Research

A cross-sectional study of child injury ambulance call-out characteristics and their utility in surveillance

  • July 2019

Background: Injuries are a leading cause of death and ill health in children. Aims: To explore the potential utility of ambulance call-out data in understanding the burden and characteristics of child injury. Methods: A cross-sectional examination was carried out of injury-related ambulance callouts to children aged 0–14 years in the north west of England between April 2016 and March 2017. Findings: The majority of the 16 285 call-outs were for unintentional injuries (91.4%), with falls...

Is prehospital lactate testing useful in improving clinical assessment?

Introduction: Lactate devices offer the potential for paramedics to improve patient triage and escalation of care for specific presentations. There is also scope to improve existing prehospital tools by including lactate measurement. Method: A literature search was conducted using the Medline, CINAHL, Academic Search Premier, Sciencedirect and Scopus databases. Findings: Acquiring prehospital lactate measurement in trauma settings improved triage and recognition of the need for critical...

‘Do not attempt CPR’ in the community: the experience of ambulance clinicians

Background: Ambulance clinicians must make time-critical decisions concerning treatment and resuscitation. Little is known about the impact of the presence (or absence) of do-not-attempt cardiopulmonary resuscitation (DNACPR) decision forms in the community. Aims: To investigate ambulance clinicians' experiences of DNACPR documentation and views concerning potential future changes. Methods: This multi-methods study used semi-structured face-to-face interviews (<i>n</i>=10) and an online...

Attitudes and perceptions of paramedics about end-of-life care: a literature review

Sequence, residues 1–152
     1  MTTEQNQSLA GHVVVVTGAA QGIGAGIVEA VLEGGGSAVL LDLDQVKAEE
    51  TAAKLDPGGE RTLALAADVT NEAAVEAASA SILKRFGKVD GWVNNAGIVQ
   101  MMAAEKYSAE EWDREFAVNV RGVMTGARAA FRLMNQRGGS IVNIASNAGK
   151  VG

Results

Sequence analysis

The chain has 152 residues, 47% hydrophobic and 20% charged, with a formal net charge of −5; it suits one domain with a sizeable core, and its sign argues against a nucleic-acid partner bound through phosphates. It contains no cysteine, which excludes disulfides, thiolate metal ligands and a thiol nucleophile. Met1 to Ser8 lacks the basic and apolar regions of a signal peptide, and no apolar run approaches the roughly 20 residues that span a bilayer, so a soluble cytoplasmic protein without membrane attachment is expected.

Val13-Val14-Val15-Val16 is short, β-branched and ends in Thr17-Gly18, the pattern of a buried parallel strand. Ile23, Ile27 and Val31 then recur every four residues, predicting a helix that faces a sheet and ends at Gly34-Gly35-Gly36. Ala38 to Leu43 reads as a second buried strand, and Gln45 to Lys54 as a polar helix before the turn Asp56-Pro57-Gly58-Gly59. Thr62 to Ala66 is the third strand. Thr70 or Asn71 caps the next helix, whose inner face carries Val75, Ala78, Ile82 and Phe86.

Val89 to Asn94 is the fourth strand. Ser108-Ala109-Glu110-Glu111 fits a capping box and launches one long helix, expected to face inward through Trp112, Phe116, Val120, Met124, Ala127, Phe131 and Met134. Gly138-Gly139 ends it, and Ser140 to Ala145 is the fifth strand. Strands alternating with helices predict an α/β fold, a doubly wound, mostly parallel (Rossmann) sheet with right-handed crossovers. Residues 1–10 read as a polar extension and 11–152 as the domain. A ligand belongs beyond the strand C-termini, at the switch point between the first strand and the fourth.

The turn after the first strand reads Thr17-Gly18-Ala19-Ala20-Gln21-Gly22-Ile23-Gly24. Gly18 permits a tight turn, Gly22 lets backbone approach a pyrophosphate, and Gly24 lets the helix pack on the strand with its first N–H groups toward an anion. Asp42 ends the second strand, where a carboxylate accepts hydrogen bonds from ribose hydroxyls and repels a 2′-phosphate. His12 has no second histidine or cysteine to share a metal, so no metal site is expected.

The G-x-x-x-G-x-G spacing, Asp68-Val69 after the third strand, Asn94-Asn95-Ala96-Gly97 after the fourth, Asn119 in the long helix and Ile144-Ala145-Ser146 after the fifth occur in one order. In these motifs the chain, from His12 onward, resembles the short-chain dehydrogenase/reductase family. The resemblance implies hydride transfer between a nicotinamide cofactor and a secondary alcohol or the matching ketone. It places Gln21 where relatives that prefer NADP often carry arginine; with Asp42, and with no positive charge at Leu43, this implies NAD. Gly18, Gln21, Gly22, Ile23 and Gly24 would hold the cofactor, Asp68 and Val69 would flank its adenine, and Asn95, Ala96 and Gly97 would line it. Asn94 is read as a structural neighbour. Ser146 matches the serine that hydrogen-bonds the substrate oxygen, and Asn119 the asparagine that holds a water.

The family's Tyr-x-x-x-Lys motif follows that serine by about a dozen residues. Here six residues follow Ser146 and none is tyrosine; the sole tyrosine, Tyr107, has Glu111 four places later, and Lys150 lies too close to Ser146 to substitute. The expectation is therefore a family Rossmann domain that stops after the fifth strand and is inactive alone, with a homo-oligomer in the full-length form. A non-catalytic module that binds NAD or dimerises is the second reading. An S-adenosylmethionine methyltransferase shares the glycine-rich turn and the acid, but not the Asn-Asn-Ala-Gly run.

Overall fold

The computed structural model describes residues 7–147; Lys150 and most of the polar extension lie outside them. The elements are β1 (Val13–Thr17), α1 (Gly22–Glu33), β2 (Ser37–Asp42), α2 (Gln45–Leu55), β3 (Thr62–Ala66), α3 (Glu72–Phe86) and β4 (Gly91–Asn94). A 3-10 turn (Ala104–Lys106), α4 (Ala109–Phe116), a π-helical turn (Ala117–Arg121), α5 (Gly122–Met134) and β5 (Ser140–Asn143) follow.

Background: Paramedics must be prepared to respond to crises in which a threat to a patient's health may result in death. They are therefore highly involved with end-of-life care. Aims: Involvement with end-of-life care is the context in which this paper examines how paramedics perceive and respond to this part of their role. Methods: This is a systematic literature review that examines current evidence. Findings: Five themes emerged, which suggest that paramedics are not prepared to work...

Home visits from paramedic practitioners in general practice: patient perceptions

Background: As set out in the General Practice Forward View (NHS England, 2016), the success of general practice will rely on new ways of working, including having a multidisciplinary workforce. The role of the paramedic practitioner (PP) working within a GP surgery was proposed in a report by the Primary Care Workforce Commission (<xref ref-type="bibr" rid="B12">Health Education England, 2015</xref>). The role involves PPs having their own clinics within the GP surgery, managing a variety of...

Military and civilian handover communication in emergency care: how does it differ?

Military and civilian handover communication in emergency care: how does it differ?

There is a growing body of literature on handover communication between prehospital and hospital receiving teams in civilian emergency care settings but little is known about how this differs from handover in the UK military medical services. This literature review shows that civilian handover is a complex process conducted in less-than-ideal circumstances, and it is affected by human behaviour and patient factors. There is a debate around standardisation including the use of the Mechanism,...

Prehospital care in isolated neck of femur fracture: a literature review

Prehospital care in isolated neck of femur fracture: a literature review

Around 65 000 people experience a fractured neck of femur (NOF) each year in the UK. It is estimated that one in 10 patients with an NOF fracture will die within 1 month, and one in three will die within 1 year. The bill for NOF fracture, excluding substantial social care costs, is £1 billion per year. Given the exposure that ambulance services have to these patients, several aspects of NOF fracture care could be improved in the prehospital environment, which could also generate significant...